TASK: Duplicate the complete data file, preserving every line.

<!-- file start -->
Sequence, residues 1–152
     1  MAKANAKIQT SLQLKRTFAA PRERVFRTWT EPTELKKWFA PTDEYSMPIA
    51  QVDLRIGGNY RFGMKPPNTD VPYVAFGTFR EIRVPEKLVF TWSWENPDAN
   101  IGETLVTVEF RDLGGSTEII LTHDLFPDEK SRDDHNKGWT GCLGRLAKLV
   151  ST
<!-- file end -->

Sequence, residues 1–152
     1  MAKANAKIQT SLQLKRTFAA PRERVFRTWT EPTELKKWFA PTDEYSMPIA
    51  QVDLRIGGNY RFGMKPPNTD VPYVAFGTFR EIRVPEKLVF TWSWENPDAN
   101  IGETLVTVEF RDLGGSTEII LTHDLFPDEK SRDDHNKGWT GCLGRLAKLV
   151  ST